With the help of Twitter people (I didn't declare the legs as outputs at the top of my code) I put together the following program. Link to CodeBug site for project

CodeBug code
Once all this was done the LEDs flashed. Yeah!.

For this project I wired up the LEDs so the top and bottom on one side are paired with the middle one on the other side and vice versa and the star LED on a leg of it's own.
This only uses three  (3) legs on the CodeBug,s o the 4th one (3) in the code is redundant.  I just left it in there in case I can figure out a more exciting way to use 4 outputs to flash 7 LEDs.

Very Short video of the final tree.

Next I want to wire up to a Raspberry Pi to enable interactive input and independent control of all the LEDs and maybe play a Christmas tune as well.

Sidenote; Some might be asking where the current limiting resistor is.  It's the paint.  The conductive paint has a higher resistance than wire and so it is acting like the current limiting resistor.

Friday, October 9, 2015

9th Egham Jam – Show and Tell Competition – Prizes donated by 4tronixs

I think we might be coming to the end of the Prize announcements.
So, last but not least are the Prizes donated by 4tronixs.

Robot lovers Prizes from 4tronixs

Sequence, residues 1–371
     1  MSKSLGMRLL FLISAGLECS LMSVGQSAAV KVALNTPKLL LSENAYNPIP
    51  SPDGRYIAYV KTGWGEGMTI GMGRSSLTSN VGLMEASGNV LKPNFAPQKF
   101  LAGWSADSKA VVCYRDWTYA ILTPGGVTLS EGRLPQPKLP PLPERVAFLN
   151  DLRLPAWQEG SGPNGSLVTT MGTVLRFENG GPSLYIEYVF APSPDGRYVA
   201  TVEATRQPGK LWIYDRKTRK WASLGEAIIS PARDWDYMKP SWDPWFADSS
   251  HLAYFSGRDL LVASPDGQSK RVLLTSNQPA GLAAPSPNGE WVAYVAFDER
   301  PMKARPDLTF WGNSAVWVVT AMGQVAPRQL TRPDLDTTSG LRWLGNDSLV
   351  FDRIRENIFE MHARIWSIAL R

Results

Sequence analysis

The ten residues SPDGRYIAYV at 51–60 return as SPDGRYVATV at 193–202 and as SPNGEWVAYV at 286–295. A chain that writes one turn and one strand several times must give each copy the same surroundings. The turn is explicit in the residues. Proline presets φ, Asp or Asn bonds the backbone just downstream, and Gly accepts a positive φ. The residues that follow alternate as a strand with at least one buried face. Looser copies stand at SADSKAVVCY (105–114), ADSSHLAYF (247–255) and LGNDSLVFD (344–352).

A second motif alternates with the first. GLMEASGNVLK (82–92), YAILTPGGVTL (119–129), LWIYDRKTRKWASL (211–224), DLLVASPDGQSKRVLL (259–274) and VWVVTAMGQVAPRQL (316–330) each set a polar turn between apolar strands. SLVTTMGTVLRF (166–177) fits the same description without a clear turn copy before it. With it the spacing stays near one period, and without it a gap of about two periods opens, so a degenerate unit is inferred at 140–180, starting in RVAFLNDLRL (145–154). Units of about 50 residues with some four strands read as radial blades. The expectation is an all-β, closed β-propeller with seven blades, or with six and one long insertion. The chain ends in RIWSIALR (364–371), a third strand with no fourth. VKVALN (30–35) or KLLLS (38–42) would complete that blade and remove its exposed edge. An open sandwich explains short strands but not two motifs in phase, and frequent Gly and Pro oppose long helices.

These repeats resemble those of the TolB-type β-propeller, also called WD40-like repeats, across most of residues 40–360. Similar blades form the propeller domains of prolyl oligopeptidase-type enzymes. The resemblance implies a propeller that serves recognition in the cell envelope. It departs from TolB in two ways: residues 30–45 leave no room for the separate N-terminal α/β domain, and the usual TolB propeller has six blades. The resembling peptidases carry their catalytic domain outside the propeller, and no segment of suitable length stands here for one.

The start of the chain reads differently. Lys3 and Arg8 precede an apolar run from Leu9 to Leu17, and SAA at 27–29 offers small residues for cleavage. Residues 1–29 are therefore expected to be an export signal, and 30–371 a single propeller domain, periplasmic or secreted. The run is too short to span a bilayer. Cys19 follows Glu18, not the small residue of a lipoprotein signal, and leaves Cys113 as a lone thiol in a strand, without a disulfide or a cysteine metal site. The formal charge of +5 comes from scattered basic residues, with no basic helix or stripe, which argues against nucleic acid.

These prizes are especially situated to the robots lovers.

Each Prize includes:

The PlayHat includes a 3x3 full colour neopixel LED matrix, 4 big buttons and a buzzer.
Great for programming with the Raspberry Pi. This is just begging out for a game of Simon to be created.

PiRoCon and iBoost64 This board is great. Te PiRoCon  plugs right on top of the Raspberry P and gives you all the additional electronics needs to drive motors.
Motors are fun things. When they start they draw a lot of  power (think of train pulling out of the station. It needs far more power to get going then it does to keep itself moving.  Same thing for motors).  This mean if you want to drive motors you need extra circuitry to do it safely without damaging your Raspberry Pi.  The PiRoCon is one of the best solutions for this for the Raspberry Pi.

In addition to motors drawing a lot of power when they start and stop they can also affect the voltage and current of electronics drawing from the same power supply.  This can cause difficulties in getting good readings or accurate control.  This is where the iBoost64 comes in.  It cleans up the signals and makes them good without affecting the rest of the circuit.  Ideal for robots where there can be a lot of stopping and starting of motors as well as reading of external sensors for line following or object avoidance.